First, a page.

The lesser of 35 percent of the cost of the clean energy property, or the sum of $2,000 for residential and
$100,000 or nonresidential per dwelling unit applies for clean energy property related to geothermal heat
pumps.

Return to Table of Contents


Biomass Gasification and Pyrolysis – Nonresidential Only

Eligible Products

In order to be eligible for the biomass gasification and pyrolysis equipment tax credit, the facility must meet
these criteria:

The facility must be a “Qualified Facility,” according to Federal Energy Regulatory Commission (FERC)
guidelines. Please visit the FERC website for additional information:
The applicant will submit a copy of the paperwork provided by FERC for the year in which the tax credit is
being issued.

The facility must sell at least 50 percent of the total energy generated plus one kilowatt back to the grid.

Definitions and Examples

Biomass equipment to convert wood residuals into electricity through “gasification” and “pyrolysis” is limited
by definition to the actual containment vessel in which the wood is heated. Appurtenance to the
containment vessel such as burners, hoppers, scales, conveyors, augers, electrostatic precipitators, ash
handling equipment and monitors are not considered eligible.

How much of a tax credit can be claimed for biomass gasification and pyrolysis?

The lesser of 35 percent or the sum of $500,000 per installation applies for clean energy property related to
biomass gasification or pyrolysis.

Note: These limits do NOT apply to wood residuals delivered to a renewable biomass qualified facility.
Please see the wood residuals section for relevant information and tax credit limits.

Return to Table of Contents


Energy-Efficient Lighting – Nonresidential Only

Eligible Products


                                                                                                               9
A 'lighting retrofit project' is a lighting retrofit system that employs dual switching (ability to switch roughly
half the lights off and still have fairly uniform light distribution), delamping, daylighting, relamping, or other
controls or processes that reduce annual energy and power consumption by 30 percent compared to the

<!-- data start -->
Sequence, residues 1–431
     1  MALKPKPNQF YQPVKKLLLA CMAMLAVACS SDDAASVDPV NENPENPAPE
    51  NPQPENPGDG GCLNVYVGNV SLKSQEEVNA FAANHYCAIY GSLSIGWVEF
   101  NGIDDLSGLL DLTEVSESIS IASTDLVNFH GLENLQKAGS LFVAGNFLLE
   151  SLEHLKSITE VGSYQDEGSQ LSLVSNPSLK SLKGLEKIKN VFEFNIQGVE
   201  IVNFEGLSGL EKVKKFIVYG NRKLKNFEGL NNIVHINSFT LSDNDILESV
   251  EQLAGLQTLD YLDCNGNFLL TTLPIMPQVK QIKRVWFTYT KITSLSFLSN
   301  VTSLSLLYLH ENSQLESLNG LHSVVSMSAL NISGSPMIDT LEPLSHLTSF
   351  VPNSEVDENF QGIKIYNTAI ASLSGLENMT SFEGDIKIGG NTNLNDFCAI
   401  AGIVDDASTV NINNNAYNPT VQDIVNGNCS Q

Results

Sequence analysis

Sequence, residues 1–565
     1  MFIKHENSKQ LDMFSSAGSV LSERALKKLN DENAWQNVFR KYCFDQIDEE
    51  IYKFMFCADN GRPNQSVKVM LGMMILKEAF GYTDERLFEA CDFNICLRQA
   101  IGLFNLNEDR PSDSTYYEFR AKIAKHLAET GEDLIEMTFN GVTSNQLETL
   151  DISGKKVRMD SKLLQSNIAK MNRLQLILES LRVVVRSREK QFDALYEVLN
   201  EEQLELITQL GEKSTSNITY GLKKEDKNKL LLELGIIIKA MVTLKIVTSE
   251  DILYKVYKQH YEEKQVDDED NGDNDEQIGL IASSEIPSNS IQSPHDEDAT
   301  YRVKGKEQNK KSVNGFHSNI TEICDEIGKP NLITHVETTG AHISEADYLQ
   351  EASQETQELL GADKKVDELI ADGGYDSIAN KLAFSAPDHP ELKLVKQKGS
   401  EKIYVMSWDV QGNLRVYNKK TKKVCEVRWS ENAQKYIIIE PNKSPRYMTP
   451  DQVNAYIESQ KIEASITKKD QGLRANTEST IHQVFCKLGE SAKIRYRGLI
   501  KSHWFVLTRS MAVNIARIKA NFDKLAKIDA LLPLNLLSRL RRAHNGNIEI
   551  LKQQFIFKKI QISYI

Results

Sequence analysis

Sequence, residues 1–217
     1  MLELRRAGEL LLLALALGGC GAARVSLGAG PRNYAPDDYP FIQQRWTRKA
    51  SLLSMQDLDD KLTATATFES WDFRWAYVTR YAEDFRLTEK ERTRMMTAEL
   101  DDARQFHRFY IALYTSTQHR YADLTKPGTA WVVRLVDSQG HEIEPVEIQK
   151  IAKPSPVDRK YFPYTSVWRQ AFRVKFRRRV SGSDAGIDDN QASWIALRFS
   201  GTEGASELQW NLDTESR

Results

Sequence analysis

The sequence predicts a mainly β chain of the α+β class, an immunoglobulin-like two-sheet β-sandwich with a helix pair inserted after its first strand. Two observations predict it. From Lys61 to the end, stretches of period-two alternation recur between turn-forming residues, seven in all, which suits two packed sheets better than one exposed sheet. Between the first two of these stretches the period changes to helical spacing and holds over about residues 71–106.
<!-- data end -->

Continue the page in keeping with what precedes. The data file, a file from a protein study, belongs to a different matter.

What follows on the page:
American Society of Heating, Refrigerating, and Air Conditioning Engineers 2004 standard (ASHRAE
90.1.2004).

Guidance

Please review the Energy Savings Modeling and Inspection Guidance for the CEPTC for information on
requirements for the lighting retrofit tax credit.

Installers

Residential and general contractors must be licensed according to state law. The state does require
additional certification or license to install geothermal heat pump systems; however, consumers are
encouraged to seek experienced contractors when installing clean energy property.


The state does not recommend or endorse any installer or contractor. Please visit these sites for
information on seeking experienced contractors:
     • United States Green Building Council
     • American Society of Heating, Refrigeration, and Air-Conditioning Engineers
     • Association of Energy Engineers

Supplemental technical review documentation required

As part of GEFA’s technical review, applicants must submit documentation from ComCheck validating that
the lighting retrofit meets the energy code performance requirements of this program. This information
should be provided by the installer to the applicant. The form must be signed by a licensed engineer. The
applicant will need to upload this documentation to the application form.



How much of a tax credit can be claimed for nonresidential lighting retrofit projects?

The lesser of 35 percent of the cost of the lighting retrofit project property, or $0.60 per square foot of the